- Anti-anxiety medications, such as benzodiazepines, may decrease your anxiety, panic and worry. They work quickly, but you can build up a tolerance to them. That makes them less effective over time. Your healthcare provider may prescribe an anti-anxiety medication for the short-term, then taper you off or the provider may add an antidepressant to the mix.
- Antidepressants can also help with anxiety disorders. They tweak how your brain uses certain chemicals to improve mood and reduce stress. Antidepressants may take some time to work, so be patient. If you feel like youre ready to stop taking antidepressants, talk to your provider first.
- Beta-blockers, usually used for high blood pressure, can help reduce some of the physical symptoms of anxiety disorders. They can relieve rapid heartbeat, shaking and trembling.
Your healthcare provider will work with you to find the right medication combination and dosage. Dont change the dose without consulting your provider. Theyll monitor you to make sure the medicines are working without causing negative side effects.
Anxiety Attack Symptoms Include:
- Feeling of losing control or going crazy.
- Heart palpitations or chest pain.
- Feeling like youre going to pass out.
- Trouble breathing or choking sensation.
- Nausea or stomach cramps.
- Feeling detached or unreal.
Its important to seek help if youre starting to avoid certain situations because youre afraid of having a panic attack. The truth is that panic attacks are highly treatable. In fact, many people are panic free within just 5 to 8 treatment sessions.
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How Do I Deal With Anxiety
There are many ways to deal with anxiety and combining a variety of approaches may help. For those with a diagnosed anxiety disorder, a combination of psychotherapy alongside a medication plan can be very effective. For those who experience anxiety from time to time, there are a variety of relaxation techniques to try that may qualm feelings of worry or fear: breathing techniques, meditation, and progressive muscle relaxation are just some examples of techniques to try. Finding a distraction, taking part in physical activity, and talking to someone you trust are also all great options for relieving everyday anxiety.
What Is A Panic Disorder
If you have a panic disorder, you get intense, sudden panic attacks. These attacks often feature stronger, more intense feelings than other types of anxiety disorders.
The feelings of terror may start suddenly and unexpectedly or they may come from a trigger, like facing a situation you dread. Panic attacks can resemble heart attacks. If theres any chance youre experiencing a heart attack, go to the emergency room. Its better to err on the side of caution and have a healthcare professional check you.
During a panic attack, you may experience:
- Chest pain.
- Feeling of choking, which can make you think youre having a heart attack or going crazy.
Panic attacks are very upsetting. People with panic disorder often spend a lot of time worrying about the next panic attack. They also try to avoid situations that might trigger an attack.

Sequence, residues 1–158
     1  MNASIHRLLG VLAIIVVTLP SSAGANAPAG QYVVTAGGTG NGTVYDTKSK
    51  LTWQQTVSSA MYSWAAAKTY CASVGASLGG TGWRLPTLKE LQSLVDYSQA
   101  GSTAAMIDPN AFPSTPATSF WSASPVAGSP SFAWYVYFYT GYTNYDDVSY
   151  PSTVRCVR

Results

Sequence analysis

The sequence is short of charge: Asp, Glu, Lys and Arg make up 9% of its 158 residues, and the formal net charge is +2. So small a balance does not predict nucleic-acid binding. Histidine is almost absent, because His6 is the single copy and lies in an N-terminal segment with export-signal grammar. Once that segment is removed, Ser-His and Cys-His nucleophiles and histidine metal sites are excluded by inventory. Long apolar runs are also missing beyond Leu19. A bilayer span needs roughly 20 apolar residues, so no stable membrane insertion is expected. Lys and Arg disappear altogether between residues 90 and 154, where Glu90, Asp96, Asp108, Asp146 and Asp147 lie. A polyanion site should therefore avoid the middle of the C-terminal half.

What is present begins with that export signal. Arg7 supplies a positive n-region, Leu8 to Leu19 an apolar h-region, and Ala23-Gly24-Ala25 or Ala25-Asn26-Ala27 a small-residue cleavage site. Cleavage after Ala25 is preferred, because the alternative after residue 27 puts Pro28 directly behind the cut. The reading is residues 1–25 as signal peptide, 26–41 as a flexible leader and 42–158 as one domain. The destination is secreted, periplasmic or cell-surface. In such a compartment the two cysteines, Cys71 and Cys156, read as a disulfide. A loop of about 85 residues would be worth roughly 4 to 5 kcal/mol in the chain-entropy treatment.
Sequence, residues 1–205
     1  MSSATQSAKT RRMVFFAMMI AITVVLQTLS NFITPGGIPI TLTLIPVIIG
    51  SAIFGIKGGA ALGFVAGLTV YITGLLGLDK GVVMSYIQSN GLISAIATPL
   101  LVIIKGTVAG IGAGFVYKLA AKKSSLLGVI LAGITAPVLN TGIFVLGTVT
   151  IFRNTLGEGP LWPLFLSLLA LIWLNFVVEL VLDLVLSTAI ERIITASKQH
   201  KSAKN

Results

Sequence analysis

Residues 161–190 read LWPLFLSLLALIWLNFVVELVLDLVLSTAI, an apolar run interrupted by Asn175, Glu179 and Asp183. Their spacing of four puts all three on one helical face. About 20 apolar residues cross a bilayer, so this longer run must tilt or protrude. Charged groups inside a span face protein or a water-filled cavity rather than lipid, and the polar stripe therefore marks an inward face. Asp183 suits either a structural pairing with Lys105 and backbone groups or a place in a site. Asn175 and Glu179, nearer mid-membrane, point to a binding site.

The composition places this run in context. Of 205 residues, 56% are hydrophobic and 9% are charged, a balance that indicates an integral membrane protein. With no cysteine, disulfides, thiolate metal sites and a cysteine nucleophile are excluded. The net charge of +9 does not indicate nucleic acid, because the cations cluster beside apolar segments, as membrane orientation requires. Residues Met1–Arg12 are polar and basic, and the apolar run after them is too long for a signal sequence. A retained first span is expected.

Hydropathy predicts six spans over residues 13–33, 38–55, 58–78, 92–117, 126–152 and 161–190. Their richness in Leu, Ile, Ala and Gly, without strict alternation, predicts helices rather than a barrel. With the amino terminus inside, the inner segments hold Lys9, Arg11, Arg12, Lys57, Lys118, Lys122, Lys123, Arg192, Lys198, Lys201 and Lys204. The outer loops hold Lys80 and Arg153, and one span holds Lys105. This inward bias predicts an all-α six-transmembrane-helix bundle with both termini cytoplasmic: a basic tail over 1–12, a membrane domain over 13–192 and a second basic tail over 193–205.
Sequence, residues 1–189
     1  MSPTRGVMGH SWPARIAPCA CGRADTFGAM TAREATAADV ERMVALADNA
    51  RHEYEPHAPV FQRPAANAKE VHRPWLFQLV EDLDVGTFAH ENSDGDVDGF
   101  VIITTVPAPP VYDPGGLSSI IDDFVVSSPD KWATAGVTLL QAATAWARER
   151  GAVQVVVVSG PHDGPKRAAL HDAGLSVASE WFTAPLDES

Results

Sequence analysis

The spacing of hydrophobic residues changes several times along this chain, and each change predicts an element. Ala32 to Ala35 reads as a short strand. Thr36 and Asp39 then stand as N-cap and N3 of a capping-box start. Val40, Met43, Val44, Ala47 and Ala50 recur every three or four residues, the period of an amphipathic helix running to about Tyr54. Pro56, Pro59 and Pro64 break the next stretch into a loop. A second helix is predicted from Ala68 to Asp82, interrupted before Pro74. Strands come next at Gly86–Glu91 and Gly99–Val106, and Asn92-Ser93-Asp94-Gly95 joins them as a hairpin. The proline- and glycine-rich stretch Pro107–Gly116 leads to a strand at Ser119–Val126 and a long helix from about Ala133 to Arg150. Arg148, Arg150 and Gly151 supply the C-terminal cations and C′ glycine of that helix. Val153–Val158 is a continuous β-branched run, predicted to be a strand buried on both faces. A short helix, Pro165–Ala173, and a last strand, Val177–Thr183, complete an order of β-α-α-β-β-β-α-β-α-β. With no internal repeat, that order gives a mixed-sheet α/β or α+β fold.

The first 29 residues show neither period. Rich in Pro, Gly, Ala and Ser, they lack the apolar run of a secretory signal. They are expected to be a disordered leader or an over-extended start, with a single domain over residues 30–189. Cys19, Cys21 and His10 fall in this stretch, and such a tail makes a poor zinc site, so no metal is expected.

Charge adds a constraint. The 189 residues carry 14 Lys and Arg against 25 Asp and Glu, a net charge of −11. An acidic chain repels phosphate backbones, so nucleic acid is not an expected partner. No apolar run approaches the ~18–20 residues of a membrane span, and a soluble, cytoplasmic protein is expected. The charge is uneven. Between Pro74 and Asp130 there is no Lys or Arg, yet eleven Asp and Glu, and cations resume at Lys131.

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Common Types Of Anxiety Disorders: Phobias
Phobias are one of the most common forms of anxiety. While everyone has fears, phobias are categorized by irrationality and avoidance behaviors in individuals. In fact, most people with phobias realize that their anxiety is not rooted in reality, but cannot stop themselves from feeling that fear.
Among the common types of anxiety, phobias are among the most likely to affect an individuals daily life. For example, someone living with a fear of cars may not be able to find reliable transportation to work or to social events. The most common specific phobias include fears of:
- Social events
Whats The Outlook For People With Anxiety Disorders
Anxiety disorders can often go undiagnosed and untreated. Fortunately, treatment can help. The right treatment can help improve your quality of life, relationships and productivity. It can also support your overall well-being.
You dont need to live with constant worry and fear. If you notice symptoms of an anxiety disorder, talk to your healthcare provider. Its best to get diagnosed and treated as soon as possible. Doing so can limit the problems that anxiety disorders can cause. Often, a combination of medications and counseling for anxiety can help you feel your best.
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Physical Symptoms Of Anxiety Can Include:
- Rapid heartbeat resulting in a fear of having a heart attack. Many an anxiety sufferer has landed up in the doctors room for an ECG only to be told that the heart is well and anxiety is the problem.
- Trembling and sweating
- Chest pain and headaches
- Weakness in the limbs and muscle tension
- Some of the less common physical symptoms can include a feeling of choking and being unable to speak, and rashes. Being unable to speak is interesting. For many anxiety sufferers an underlying belief is that they have no right to express their needs or feelings. And so when they try to speak up, the throat closes up, confirming the underlying belief.